Our deteriorating environment, the crash of ‘08 and conflict around the world were recurrent themes in this year’s crop of Prairie Tales submissions. If that apocalyptic subject matter doesn’t sound very cheery, rest assured that our province’s media artists have found engaging, entertaining and, more often than not, amusing ways to treat this material. Of course it’s not all politics and monsters in this year’s program, but even those works that focus on the eternal theme of the human condition often bear the translucent watermark of our uncertain times.
Witness Caitlind r.c. Brown’s s p a c e, the experimental piece with which Prairie Tales 12 lifts off: it’s a metaphorical love story that asks flat out, “Where are we going?” Wherever it is we’d better hope it’s not to the world of James Cadden’s Escape from Death Planet, unless we’re watching the carnage from the safety of a rescue shuttle.
The creative team that is DROOLART takes us into deep space in another sense entirely with a wild ride through four capacious imaginations in the animated Tales from the Heart. Then it’s a messy splashdown to earth in a very current sense with Tar Sand Pudding, Xstine Cook’s rambunctious, kid-powered eco-satire, followed by Andrea N. Mann’s A Dozen Ways, a charming all-egg-ory about transformation inspired by the economic downturn. T.J. Lynch’s touching Water Under the Bridge similarly traces a path to personal metamorphosis, in his case through memories from a painful past.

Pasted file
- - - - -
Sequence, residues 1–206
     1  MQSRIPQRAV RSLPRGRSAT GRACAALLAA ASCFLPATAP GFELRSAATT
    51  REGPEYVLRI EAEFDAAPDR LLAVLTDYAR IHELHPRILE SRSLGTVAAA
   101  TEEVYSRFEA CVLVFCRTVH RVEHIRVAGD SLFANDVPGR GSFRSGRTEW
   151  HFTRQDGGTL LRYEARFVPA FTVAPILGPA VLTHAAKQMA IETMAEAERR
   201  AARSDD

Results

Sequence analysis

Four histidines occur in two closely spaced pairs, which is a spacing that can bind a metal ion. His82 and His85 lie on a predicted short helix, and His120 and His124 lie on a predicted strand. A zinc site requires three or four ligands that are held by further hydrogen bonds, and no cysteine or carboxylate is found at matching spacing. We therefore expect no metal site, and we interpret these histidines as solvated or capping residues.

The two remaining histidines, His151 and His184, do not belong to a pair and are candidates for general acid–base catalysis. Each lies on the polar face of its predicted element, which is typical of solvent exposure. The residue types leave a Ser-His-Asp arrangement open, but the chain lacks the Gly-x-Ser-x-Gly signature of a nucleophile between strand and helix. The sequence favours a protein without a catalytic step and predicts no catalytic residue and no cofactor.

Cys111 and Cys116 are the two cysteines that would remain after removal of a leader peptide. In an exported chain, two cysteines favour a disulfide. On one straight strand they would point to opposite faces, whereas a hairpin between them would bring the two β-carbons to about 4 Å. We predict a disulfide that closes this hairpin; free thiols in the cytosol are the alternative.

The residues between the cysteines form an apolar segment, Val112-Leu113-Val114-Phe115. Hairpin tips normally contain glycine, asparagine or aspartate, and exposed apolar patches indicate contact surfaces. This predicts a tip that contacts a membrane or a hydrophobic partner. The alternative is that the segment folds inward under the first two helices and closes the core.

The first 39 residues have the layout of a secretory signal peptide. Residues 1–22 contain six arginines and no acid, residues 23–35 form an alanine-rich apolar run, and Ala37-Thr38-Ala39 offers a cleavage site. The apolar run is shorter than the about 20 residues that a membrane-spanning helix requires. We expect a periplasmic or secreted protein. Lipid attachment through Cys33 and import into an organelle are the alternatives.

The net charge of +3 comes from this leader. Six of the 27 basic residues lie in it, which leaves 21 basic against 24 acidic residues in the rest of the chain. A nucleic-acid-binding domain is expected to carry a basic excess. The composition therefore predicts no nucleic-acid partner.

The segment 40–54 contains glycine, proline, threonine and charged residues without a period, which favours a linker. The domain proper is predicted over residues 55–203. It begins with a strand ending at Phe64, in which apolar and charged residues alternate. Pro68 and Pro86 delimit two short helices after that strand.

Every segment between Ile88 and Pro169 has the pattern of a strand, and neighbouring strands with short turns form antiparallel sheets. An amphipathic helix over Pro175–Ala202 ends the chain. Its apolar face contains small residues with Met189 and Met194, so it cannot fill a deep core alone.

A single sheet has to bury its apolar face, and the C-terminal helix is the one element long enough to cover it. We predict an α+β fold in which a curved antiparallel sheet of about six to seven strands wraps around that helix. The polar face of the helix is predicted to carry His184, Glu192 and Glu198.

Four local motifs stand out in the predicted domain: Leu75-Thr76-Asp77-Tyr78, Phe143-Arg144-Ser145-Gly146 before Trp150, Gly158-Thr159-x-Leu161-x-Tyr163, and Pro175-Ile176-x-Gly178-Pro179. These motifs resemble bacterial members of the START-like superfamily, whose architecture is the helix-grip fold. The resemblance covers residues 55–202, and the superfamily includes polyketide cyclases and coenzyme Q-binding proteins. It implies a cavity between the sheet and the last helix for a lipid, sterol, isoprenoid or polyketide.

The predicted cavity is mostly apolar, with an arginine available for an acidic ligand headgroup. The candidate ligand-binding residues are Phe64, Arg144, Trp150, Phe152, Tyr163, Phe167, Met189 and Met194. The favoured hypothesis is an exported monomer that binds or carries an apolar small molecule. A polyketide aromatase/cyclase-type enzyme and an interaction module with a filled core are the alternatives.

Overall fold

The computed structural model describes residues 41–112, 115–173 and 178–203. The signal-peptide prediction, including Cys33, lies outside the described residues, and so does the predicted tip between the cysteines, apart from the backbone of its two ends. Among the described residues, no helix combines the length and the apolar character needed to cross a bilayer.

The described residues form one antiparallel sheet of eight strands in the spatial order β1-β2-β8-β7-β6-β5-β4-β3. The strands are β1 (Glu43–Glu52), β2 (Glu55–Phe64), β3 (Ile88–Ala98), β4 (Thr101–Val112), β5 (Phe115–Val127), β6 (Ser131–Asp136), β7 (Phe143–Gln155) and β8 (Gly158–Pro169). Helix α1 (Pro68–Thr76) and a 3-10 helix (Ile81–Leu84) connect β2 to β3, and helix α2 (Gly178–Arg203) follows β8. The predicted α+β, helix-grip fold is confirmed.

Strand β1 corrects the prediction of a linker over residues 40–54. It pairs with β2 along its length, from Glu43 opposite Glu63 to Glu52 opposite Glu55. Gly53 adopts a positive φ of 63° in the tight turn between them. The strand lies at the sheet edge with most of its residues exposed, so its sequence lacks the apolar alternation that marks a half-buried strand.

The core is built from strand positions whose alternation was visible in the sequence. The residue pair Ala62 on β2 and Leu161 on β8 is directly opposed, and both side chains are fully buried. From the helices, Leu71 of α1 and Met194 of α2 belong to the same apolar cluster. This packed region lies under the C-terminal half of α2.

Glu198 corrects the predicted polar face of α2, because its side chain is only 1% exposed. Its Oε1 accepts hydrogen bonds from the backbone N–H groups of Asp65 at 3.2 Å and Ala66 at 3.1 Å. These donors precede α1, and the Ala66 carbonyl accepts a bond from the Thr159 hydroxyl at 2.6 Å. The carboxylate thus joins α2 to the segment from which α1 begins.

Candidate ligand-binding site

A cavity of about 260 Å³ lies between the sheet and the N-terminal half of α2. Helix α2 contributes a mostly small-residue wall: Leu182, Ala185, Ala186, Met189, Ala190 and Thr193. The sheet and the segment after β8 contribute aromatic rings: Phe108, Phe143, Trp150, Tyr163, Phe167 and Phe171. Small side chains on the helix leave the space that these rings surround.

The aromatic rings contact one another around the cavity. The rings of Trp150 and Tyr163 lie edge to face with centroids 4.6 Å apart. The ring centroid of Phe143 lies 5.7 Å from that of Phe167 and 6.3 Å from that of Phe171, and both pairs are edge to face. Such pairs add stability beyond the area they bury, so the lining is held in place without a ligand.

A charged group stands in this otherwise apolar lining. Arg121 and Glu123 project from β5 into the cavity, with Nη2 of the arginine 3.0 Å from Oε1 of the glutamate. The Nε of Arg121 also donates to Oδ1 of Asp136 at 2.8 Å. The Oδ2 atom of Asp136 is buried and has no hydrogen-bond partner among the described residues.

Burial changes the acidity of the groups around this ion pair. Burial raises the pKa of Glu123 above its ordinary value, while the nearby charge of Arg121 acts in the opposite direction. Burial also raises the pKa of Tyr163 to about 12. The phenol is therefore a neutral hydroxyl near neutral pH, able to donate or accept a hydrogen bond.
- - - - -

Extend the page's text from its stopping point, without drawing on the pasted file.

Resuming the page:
Halfway through the program, we now pay a quick and invigorating visit to Greg Doble’s Coffee Stop, after which Trevor Anderson sets the pace anew with his latest essay piece Punchlines. Sheryle Carlson’s short, sharp, shock of a mini-doc Glimpses of Injustice: The Annual Olive Harvest in Palestine returns us to current affairs in the West Bank, and we polish off the leg with a heady, meta-film celebration of, well - film - in Kyle Whitehead’s Maverick.
Finally nearing the end of our odyssey, we pay one last visit to outer space, dangerous planets and monsters with The El Huge-O Maximus, yet another installment in Carol Beecher and Kevin D.A. Kurytnik’s ongoing Intergalactic Who’s Who series. Then we hop in the car with comedy troupe Sciencebear for their cleverly executed Greenwash Gang and grab one for the road at The Empress, Lyle Pisio’s wistful stop motion romance, before ending - square in the zeitgeist of a year in which apocalypse movies flooded the box office - with Jay Mosher’s amusing, animated Would you believe it’s the end of the world, Kenneth?
And there you have it. Another year in the life of Albertans refracted through the diverse approaches and visions of some of the best our media artists have to offer. It was a pleasure to sit and watch these and many other submissions with my fellow jurors: artist David Hoffos; Melody Jacobson, former Executive Director of the Calgary Society of Independent Filmmakers, currently ED of the Alberta Motion Picture Industry Association, and former Prairie Tales Tour Coordinator Leslea Kroll.